Laiuse Romani language

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Laiuse Romani
Native toEstonia
Extinctca. 1940
Language codes
ISO 639-3None (mis)

Laiuse Romani was a Romani variety spoken in Estonia. It was a mixed language based on Romani and Estonian.[2]

The Romani people first appeared in Estonia in the 17th century. According to rumors, they were first part of Swedish King Charles XII's Romani orchestra which he, after spending a winter in Laiuse, left behind. In 1841 all 44 Estonian Romani were collected and settled around Laiuse Parish. Their main stop was Raaduvere village, but they also lived in Rakvere, Jõgeva and its precincts. Before the Second World War there were 60 Romani in Laiuse.[3] Laiuse Romani became extinct in the German occupation, when all its speakers were killed by the Nazis during the Porajmos.[2][4]

Linguistic features[edit]

Laiuse Romani shares a number of linguistic features with Finnish Kalo,[4] such as palatalization of velar consonants before front vowels[5] and initial devoicing.[6]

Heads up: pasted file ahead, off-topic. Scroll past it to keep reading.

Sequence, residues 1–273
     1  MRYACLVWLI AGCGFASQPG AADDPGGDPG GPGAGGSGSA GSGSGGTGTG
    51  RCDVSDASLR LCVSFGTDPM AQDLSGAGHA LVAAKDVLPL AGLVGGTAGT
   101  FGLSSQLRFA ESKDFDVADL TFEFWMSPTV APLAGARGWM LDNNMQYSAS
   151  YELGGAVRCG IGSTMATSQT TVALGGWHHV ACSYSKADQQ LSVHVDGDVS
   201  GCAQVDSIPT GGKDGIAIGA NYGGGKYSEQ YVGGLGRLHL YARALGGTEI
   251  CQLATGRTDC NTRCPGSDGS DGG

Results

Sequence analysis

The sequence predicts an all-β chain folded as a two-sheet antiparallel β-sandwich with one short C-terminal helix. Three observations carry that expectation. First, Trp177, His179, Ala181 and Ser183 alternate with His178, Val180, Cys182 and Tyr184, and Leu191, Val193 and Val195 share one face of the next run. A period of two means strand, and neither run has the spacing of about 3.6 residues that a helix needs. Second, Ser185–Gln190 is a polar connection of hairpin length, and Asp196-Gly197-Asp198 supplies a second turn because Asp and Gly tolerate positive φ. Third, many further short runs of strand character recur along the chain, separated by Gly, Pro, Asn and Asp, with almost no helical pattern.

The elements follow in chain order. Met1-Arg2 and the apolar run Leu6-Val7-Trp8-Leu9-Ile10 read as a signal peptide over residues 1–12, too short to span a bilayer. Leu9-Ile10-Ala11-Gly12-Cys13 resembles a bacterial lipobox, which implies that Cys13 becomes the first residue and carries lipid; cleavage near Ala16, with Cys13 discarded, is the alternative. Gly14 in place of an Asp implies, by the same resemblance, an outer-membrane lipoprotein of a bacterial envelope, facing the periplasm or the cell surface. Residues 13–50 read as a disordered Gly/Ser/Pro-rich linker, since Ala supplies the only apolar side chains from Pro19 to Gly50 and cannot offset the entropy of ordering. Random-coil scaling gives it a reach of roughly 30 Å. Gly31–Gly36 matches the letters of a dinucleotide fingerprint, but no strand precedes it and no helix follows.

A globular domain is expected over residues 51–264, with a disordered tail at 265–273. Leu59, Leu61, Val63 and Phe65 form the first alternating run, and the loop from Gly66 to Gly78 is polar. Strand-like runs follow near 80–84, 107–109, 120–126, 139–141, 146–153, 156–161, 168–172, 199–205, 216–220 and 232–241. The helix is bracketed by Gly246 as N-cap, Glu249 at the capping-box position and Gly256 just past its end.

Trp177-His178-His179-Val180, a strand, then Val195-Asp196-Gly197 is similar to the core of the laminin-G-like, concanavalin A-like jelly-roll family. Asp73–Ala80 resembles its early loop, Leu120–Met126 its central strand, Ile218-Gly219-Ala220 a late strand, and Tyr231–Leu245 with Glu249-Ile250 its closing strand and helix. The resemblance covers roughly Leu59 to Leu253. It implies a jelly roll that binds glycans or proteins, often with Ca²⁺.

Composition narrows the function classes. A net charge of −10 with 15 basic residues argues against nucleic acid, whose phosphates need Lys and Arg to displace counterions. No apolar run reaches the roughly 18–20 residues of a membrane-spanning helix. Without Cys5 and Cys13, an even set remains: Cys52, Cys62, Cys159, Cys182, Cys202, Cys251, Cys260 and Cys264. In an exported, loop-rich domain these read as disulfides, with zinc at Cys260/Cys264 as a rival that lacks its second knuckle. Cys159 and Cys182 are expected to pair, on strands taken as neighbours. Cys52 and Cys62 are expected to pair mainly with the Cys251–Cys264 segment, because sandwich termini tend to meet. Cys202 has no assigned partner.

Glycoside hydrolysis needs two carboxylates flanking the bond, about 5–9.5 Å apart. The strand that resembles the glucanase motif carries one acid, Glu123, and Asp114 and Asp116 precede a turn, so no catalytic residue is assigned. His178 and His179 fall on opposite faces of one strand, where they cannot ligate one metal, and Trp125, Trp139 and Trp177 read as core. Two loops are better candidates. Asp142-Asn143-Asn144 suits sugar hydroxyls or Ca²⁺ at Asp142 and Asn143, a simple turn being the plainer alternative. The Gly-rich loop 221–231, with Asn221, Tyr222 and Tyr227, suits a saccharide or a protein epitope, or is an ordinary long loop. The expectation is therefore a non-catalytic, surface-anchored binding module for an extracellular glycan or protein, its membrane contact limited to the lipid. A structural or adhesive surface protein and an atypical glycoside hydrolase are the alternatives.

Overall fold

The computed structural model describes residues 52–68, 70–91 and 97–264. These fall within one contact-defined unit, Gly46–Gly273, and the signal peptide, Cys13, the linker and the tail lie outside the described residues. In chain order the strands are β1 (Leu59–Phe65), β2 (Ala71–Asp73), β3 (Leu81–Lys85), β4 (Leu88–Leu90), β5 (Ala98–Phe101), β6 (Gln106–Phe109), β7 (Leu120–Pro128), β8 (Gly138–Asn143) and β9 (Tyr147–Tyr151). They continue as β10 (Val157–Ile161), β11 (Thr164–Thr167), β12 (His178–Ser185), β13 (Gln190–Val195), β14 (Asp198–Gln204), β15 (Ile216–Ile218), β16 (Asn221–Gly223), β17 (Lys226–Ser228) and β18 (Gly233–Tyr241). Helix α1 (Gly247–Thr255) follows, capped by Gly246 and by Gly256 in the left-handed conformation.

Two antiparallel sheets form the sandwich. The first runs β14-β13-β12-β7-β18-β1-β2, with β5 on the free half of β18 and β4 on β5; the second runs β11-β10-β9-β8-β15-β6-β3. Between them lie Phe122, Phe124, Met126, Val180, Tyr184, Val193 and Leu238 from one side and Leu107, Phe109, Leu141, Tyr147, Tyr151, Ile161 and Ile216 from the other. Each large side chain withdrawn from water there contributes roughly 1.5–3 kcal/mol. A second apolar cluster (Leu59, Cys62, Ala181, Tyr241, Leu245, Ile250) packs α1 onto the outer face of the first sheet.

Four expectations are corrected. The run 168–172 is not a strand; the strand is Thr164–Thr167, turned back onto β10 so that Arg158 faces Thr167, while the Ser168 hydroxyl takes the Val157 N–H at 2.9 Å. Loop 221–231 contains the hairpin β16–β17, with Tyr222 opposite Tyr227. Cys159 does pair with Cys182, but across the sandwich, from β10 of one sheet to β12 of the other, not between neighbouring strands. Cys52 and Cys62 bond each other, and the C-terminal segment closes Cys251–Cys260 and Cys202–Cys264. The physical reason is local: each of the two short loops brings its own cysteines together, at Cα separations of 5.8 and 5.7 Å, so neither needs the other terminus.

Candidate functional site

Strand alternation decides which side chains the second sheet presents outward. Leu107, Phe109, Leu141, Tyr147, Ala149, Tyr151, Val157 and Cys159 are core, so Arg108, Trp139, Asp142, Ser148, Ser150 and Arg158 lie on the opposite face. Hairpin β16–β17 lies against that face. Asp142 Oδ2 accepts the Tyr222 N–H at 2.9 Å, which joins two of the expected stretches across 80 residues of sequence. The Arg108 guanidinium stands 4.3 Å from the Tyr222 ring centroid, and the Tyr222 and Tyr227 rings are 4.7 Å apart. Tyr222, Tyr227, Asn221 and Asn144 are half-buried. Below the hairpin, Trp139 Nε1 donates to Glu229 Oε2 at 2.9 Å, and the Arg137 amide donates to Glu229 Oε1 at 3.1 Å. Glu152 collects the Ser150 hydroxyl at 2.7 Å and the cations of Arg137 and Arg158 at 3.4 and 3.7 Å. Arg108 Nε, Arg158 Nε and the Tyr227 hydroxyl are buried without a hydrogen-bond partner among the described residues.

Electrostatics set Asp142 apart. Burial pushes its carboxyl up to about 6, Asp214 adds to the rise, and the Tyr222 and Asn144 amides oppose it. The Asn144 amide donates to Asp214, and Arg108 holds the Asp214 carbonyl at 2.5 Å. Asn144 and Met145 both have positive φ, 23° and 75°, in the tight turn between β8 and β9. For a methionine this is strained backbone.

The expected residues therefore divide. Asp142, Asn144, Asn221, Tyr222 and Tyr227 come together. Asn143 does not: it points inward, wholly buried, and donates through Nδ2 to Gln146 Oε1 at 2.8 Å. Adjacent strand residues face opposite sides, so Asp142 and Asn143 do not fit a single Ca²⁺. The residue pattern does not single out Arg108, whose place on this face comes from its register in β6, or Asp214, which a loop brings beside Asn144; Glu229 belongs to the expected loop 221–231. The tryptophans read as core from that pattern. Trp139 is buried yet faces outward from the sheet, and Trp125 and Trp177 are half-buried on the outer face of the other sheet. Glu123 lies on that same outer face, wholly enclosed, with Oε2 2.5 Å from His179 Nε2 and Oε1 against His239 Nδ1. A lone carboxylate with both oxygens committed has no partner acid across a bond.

1. ^ Hammarström, Harald; Forkel, Robert; Haspelmath, Martin, eds. (2017). "Lajenge Roma". Glottolog 3.0. Jena, Germany: Max Planck Institute for the Science of Human History.
  2. ^ a b Smith, p. 365.
  3. ^ "Laiuse mustlased" (in Estonian). Retrieved 23 September 2011.
  4. ^ a b Matras, p. 10.
  5. ^ Matras, p. 49.
  6. ^ Matras, p. 54.
  • Matras, Yaron (2002). Romani: A Linguistic Introduction. Cambridge University Press.
  • Smith, Norval (1994). "An annotated list of creoles, pidgins, and mixed languages". In Jacque Arends, Pieter Muysken & Norval Smith (ed.). Pidgins and Creoles. John Benjamins.